Ray "Moosie" Turnbull, Legendary TV Curling Analyst, Dies at 78
The longtime broadcaster brought a sport played like lawn bowling on ice 'Monday Night Football'-size ratings on Canadian television.
Ray "Moosie" Turnbull, a Hall of Fame curler who went on to become the long-time face of TV curling on The Sports Network in Canada and for CBS at the 1998 Nagano Olympics, has died. He was 78.
Turnbull passed away on Friday at the Health Sciences Center in Winnipeg, Manitoba, after a battle with leukemia. "He loved family..loved life..loved red wine..LOVED curling..my TSN partner for 25 years..Ray Turnbull has passed..heaven now has a lead RIP,” Turnbull's longtime TSN play-by-play partner, Vic Rauter, tweeted on Friday morning.
Turnbull was born on July 19, 1939, in Huntsville, Ontario. At age 18, he played in his first Macdonald Briers championship.
Seven years later in 1965, by now known affectionately by his fans as "Moosie," Turnbull won the Canadian curling title when he teamed with Don Duguid and Ron Braunstein. He also won a silver medal at the 1965 Scotch Cup world men's championship in Perth, Scotland.
In 1985, Turnbull went from playing a pro sport that's basically shuffleboard on an ice sheet as four-strong teams deliver 42-pound granite stones from one end to the other, to join the TSN commentating box. For 25 years, he traveled with Rauter and Linda Moore to cities and towns across Canada and internationally, doing the color as curlers swept the ice in front of sliding stones with brooms.
Turnbull and his broadcast team also brought TSN, the country's cable sports channel, Monday Night Football-size TV ratings. "Ray set the standard for curling broadcasting in Canada, and was instrumental in developing and building our world-class curling coverage,” Mark Milliere, senior vp and general manager at TSN, said in a statement.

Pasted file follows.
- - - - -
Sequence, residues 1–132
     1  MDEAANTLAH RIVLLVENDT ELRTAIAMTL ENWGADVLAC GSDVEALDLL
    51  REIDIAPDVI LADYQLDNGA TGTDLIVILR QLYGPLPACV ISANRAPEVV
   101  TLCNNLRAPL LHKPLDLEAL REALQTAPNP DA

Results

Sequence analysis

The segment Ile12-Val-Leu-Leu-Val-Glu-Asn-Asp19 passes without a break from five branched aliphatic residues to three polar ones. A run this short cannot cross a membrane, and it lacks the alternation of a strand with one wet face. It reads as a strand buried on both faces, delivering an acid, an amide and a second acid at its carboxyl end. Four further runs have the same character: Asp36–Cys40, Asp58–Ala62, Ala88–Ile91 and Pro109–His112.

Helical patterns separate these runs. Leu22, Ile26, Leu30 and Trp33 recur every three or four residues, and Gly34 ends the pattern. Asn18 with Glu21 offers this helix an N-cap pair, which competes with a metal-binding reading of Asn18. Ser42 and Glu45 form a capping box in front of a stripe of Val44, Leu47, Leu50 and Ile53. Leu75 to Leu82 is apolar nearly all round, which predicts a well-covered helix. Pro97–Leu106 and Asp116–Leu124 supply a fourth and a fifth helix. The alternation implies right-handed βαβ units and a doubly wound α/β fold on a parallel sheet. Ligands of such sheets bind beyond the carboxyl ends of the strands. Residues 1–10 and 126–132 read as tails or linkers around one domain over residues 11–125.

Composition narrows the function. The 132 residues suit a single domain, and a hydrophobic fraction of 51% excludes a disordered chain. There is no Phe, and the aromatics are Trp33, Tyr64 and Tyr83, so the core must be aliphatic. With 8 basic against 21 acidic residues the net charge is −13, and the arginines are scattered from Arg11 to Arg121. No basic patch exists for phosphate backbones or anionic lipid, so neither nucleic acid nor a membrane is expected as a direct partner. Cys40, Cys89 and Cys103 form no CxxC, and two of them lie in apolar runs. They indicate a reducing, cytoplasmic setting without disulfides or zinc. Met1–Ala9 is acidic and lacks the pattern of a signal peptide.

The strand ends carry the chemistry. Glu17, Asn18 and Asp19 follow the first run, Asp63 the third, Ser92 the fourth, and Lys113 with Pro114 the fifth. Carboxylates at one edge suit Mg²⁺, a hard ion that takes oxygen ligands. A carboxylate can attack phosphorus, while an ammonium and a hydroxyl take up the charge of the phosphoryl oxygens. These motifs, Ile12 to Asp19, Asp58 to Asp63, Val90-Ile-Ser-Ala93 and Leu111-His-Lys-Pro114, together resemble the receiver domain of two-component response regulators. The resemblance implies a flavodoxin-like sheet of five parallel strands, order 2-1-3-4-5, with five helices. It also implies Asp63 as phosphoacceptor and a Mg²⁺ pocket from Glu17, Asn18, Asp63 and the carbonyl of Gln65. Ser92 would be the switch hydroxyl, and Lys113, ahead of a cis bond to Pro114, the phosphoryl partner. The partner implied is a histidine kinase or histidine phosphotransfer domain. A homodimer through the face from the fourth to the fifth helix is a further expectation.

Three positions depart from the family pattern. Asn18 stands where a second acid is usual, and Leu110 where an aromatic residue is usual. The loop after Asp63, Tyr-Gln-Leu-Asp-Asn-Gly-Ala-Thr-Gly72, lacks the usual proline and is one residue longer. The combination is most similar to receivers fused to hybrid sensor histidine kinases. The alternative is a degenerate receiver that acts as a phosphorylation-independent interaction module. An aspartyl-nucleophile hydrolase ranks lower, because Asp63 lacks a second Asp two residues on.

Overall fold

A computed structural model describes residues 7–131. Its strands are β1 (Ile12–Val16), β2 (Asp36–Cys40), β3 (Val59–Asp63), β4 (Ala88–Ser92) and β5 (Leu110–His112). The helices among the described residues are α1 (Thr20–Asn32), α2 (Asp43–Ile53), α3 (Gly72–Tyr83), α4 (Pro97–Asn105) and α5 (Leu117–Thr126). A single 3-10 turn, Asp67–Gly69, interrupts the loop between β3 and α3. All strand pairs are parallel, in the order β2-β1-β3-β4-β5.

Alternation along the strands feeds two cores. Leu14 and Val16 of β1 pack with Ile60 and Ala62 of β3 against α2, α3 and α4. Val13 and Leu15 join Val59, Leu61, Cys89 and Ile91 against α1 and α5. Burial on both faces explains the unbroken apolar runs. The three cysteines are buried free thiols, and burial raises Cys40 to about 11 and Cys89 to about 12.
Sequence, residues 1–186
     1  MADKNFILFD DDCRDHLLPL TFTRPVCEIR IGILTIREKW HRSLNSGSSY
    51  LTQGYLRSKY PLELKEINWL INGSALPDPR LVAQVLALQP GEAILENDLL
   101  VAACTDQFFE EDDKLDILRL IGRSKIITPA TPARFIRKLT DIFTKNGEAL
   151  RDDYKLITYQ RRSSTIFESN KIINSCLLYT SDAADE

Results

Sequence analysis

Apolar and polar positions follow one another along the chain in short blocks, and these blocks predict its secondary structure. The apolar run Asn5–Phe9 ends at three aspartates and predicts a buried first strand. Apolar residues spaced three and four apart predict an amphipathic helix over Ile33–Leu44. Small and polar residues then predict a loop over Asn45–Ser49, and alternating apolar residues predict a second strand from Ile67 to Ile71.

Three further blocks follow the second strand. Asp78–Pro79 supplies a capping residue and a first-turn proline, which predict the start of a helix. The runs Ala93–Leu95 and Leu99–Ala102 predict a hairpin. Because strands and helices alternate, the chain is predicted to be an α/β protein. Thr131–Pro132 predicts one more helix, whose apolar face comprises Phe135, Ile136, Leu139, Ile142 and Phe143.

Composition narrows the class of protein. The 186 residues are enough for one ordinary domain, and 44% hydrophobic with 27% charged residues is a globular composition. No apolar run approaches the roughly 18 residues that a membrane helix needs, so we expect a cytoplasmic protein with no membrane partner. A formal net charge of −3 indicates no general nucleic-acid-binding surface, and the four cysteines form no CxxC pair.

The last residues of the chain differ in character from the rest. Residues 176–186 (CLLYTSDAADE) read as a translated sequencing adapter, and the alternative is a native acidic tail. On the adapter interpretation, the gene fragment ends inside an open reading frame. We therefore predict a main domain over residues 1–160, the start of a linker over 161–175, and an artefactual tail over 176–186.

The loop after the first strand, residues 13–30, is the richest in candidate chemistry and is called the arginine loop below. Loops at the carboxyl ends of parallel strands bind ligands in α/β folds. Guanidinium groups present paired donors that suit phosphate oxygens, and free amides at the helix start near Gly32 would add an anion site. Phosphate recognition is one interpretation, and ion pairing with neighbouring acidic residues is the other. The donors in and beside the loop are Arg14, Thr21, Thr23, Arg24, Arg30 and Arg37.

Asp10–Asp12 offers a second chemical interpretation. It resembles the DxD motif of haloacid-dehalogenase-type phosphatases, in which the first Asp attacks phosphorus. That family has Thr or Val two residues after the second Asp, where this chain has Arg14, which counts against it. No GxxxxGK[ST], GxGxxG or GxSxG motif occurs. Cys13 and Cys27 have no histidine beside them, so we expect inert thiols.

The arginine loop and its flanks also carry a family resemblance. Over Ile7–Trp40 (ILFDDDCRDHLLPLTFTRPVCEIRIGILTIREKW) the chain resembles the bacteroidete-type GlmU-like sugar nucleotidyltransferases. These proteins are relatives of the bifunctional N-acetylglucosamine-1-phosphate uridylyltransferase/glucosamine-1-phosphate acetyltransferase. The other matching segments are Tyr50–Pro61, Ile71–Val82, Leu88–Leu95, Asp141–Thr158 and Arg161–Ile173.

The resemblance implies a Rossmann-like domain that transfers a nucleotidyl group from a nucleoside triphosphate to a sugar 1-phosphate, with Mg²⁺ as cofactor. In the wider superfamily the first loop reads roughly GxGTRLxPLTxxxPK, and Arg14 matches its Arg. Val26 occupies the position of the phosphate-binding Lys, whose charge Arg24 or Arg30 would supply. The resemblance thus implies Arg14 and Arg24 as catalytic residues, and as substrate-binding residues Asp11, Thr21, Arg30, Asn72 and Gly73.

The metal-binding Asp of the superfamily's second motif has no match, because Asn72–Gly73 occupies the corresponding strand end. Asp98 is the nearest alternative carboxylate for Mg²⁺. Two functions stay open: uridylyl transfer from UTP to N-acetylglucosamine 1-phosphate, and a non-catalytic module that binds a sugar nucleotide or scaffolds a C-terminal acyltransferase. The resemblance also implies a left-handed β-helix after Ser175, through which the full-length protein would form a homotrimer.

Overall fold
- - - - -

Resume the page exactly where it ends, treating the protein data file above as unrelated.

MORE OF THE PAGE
Part of Turnbull's role as a longtime curling coach and instructor was getting Canadian TV viewers to understand a sport most had never played, and in which interest peaked during the Winter Olympic Games. "A true champion, Turnbull's expertise on and off the ice, his warm nature and distinct charm and personality elevated his craft and made him a fan-favorite for Canadians nationwide," Milliere added.
At the 1998 Winter Olympics in Nagano, Japan, Turnbull brought this TV analyst skills to CBS, with Jim Nantz on the main anchor desk. With curling hardly a marquee Olympic sport, CBS only used seven minutes of his coverage on the first night of competition, and 12 minutes on the second night.
But a full-page spread in the Houston Chronicle that featured Turnbull quickly gave the U.S. curling team a promotional jolt. "All of a sudden, I wasn't the guy they just threw to at the curling rink. It was 'hey Moosie.' The last day we (CBS) did an hour," he told the Winnipeg Free Press newspaper in 2010, the year he retired from TSN and broadcasting.
Turnbull was inducted into the Canadian Curling Hall of Fame in 1993 and the World Curling Hall of Fame in 2015.